> as "show oneself"--allai weis ataugjan skuldai sijum "we must all
            > appear".)
            >
            > So with our hypothetical example: skulum galeithan "we should
            leave",
            > but: skuld ist unsis galeithan "we are allowed to leave", or to
            > reverse it: skuldai sijum bileithan "we must be left", and in the
            > past: skuldai wesum bileithan [fram im] "we should have been left
            [by
            > them]". Or to deny it: ni skuld ist unsis galeithan "we aren't
            > allowed to go", or if optional, ni thaurbum galeithan "we don't
            need
            > to go". To query: skuldu ist unsis galeithan? "are we allowed to
            > go?"; niu skuld ist? "aren't we allowed?"; skulumu galeithan "do we
            > have to go?"; or: ibai skulum galeithan "do we really have to go?"
            > Or if we just don't give a damn: ni waiht wulthrais ist unsis
            hwathar
            > galeithaima thau ni galeithaima "it's of no importance to us
            whether
            > we go or not!"
            >
            > Llama Nom
            >
            >
            >
            > --- In gothic-l@yahoogroups.com, "ashley overs"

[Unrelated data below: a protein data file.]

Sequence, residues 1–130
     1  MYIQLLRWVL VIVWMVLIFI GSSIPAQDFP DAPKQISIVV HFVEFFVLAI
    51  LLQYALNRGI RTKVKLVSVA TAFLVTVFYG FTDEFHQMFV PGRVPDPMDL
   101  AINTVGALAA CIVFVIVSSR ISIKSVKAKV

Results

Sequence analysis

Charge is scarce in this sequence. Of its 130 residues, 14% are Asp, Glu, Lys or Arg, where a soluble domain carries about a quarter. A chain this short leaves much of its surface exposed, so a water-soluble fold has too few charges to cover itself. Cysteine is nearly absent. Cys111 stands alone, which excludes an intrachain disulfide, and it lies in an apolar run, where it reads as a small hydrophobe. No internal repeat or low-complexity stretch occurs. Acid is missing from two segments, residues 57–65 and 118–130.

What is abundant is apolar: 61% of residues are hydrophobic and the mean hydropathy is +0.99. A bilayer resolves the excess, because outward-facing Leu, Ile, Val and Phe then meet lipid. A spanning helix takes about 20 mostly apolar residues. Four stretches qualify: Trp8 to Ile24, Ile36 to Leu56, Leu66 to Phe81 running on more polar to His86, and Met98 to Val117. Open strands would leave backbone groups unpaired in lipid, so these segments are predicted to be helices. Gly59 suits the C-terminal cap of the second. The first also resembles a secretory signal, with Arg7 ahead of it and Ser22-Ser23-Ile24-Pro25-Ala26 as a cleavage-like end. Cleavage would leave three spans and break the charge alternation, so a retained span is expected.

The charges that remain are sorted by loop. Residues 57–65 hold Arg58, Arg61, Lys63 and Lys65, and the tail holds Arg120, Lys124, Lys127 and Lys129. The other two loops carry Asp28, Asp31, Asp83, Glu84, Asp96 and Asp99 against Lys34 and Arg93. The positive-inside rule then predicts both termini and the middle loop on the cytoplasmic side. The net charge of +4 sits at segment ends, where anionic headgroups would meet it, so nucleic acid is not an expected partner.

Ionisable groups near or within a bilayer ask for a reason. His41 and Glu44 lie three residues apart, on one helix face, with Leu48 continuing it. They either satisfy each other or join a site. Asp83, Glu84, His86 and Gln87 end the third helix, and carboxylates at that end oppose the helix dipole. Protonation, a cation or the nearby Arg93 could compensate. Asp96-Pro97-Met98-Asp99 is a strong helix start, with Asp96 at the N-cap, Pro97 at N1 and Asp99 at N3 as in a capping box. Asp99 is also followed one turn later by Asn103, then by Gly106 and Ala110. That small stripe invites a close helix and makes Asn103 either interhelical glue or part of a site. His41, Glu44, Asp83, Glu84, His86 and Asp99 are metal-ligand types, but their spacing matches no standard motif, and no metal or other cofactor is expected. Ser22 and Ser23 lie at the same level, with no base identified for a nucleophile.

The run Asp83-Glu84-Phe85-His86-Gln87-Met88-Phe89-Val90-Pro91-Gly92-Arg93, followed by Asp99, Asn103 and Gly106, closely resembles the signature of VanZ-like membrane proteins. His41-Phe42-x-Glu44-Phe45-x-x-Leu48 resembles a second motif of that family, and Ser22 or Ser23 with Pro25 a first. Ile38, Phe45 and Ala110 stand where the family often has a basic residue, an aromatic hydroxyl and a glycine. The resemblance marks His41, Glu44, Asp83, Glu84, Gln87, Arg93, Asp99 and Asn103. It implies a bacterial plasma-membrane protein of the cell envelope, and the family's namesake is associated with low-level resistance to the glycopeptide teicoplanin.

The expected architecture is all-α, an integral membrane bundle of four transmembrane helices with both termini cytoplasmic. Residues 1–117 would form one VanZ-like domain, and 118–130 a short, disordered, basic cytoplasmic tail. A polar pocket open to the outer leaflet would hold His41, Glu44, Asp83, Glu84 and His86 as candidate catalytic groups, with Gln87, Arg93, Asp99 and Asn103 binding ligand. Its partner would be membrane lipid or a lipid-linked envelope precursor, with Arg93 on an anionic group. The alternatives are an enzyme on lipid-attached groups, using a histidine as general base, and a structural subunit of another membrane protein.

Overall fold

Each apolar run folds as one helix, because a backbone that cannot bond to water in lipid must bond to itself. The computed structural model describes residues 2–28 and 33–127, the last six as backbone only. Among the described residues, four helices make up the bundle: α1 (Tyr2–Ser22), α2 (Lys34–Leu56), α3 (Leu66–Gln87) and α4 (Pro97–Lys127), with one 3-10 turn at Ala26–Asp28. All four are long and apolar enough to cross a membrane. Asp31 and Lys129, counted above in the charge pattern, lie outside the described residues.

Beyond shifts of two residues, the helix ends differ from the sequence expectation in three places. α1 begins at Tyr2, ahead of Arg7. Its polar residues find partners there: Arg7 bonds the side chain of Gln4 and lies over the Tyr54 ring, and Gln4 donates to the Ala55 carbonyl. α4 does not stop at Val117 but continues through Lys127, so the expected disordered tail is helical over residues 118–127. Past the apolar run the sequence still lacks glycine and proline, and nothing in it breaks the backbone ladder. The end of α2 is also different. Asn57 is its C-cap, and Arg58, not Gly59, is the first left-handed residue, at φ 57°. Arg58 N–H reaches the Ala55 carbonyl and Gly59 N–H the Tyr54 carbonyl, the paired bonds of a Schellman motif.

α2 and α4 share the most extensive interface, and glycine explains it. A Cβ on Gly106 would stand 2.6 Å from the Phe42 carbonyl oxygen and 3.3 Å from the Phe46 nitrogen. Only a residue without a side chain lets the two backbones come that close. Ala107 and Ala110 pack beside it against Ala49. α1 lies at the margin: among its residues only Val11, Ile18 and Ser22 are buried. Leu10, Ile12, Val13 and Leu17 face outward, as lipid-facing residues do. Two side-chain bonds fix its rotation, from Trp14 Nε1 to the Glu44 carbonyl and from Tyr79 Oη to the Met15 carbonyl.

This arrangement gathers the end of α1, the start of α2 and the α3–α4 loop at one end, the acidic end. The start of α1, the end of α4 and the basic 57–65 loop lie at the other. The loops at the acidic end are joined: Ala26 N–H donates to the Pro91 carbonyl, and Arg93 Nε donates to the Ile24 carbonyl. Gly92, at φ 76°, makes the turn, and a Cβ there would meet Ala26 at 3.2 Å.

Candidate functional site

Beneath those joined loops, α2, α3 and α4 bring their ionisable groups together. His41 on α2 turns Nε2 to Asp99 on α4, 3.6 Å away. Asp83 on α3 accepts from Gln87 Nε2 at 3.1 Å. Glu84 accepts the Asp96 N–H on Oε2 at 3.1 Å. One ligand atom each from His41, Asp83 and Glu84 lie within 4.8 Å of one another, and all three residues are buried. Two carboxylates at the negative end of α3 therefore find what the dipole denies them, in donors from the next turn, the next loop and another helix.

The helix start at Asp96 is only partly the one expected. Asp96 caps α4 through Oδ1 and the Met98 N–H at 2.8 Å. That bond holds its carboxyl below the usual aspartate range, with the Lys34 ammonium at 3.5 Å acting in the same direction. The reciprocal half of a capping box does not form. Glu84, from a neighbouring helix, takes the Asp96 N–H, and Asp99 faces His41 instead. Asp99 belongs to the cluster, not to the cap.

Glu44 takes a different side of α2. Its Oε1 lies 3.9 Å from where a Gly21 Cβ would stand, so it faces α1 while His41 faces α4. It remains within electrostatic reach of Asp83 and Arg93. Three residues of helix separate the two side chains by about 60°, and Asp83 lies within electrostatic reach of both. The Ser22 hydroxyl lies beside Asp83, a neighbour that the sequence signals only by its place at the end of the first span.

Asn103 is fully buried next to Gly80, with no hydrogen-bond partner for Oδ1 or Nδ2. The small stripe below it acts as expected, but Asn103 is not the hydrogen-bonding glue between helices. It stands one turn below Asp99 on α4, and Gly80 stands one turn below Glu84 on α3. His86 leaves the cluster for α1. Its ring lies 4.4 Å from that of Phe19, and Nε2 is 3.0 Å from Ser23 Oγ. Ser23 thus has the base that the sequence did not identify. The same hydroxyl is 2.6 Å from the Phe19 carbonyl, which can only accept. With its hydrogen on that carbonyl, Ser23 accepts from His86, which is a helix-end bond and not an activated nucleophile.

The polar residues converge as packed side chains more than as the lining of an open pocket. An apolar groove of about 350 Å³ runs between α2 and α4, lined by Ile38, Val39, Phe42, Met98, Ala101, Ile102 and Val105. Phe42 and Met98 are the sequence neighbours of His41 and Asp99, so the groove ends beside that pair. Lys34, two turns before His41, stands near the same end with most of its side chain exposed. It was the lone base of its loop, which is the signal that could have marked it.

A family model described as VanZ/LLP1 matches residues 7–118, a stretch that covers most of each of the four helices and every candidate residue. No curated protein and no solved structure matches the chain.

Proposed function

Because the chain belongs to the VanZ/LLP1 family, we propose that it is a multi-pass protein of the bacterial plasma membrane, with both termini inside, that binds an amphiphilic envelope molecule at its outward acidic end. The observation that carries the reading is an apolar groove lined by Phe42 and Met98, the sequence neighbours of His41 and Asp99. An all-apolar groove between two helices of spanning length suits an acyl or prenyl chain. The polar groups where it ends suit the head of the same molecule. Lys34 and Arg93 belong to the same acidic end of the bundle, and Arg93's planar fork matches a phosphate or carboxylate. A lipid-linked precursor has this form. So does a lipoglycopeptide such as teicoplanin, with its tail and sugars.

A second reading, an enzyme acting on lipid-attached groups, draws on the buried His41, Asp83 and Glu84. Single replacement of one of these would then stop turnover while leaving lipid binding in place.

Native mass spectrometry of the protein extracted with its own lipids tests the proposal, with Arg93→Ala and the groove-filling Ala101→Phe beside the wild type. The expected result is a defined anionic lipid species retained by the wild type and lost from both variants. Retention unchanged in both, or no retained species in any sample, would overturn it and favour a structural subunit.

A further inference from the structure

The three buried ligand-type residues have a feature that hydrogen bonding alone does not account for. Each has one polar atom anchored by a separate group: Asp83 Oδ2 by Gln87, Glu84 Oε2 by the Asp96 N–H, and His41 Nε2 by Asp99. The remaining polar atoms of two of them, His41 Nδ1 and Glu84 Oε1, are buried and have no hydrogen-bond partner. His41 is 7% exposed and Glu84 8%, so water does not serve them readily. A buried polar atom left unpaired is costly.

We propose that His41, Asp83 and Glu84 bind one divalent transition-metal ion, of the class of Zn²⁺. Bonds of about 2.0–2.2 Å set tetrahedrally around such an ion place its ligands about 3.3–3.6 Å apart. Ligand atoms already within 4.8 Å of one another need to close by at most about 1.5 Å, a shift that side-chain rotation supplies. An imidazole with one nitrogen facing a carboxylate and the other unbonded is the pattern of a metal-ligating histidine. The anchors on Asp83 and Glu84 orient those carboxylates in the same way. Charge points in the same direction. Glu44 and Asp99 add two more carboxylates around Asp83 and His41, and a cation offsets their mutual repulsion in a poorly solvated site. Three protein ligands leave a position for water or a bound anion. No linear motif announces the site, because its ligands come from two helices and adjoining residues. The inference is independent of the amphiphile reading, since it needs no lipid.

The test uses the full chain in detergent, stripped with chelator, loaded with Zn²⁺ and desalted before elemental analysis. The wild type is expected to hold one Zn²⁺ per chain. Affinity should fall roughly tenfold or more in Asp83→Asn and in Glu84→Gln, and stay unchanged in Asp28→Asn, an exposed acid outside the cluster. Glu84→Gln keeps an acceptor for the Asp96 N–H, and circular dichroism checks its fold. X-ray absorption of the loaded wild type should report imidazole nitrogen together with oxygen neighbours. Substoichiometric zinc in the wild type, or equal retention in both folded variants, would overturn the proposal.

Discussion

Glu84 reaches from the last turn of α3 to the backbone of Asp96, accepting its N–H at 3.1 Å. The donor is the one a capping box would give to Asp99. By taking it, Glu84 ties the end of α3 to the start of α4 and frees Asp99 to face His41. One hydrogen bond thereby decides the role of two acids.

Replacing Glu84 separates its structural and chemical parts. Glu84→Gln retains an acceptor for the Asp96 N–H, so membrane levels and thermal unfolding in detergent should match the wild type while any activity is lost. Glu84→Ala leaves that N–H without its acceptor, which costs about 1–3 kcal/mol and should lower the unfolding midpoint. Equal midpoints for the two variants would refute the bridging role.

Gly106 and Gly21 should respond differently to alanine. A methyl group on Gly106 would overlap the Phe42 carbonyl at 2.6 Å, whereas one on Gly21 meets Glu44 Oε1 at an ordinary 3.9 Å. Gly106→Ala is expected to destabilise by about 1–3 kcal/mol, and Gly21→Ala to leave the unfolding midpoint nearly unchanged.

> <ashlovers_12344@h...> wrote:
            > > thanks it realy helps me.
            > >
            > >
            > > >From: matthew carver <me@m...>
            > > >Reply-To: gothic-l@yahoogroups.com
            > > >To: gothic-l@yahoogroups.com
            > > >Subject: Re: [gothic-l] Re: Gothic equivalent for English 'must'
            > > >Date: Mon, 10 May 2004 11:30:17 -0700
            > > >
            > > >hails!
            > > >
            > > >also there i believe is the possibility of
            > > >the construction "skulds ist (+DAT)"
            > > >meaning it is owing, lawful. Thaurfts
            > > >from tharf- has the meaning of necessity,
            > > >obligation. I thought these were impersonal
            > > >constructions requiring a dative. Where
            > > >does the phrase with thaurfts occur in the
            > > >gothic bible as a modal or auxiliary verb?
            > > >
            > > >-matthew
            > > >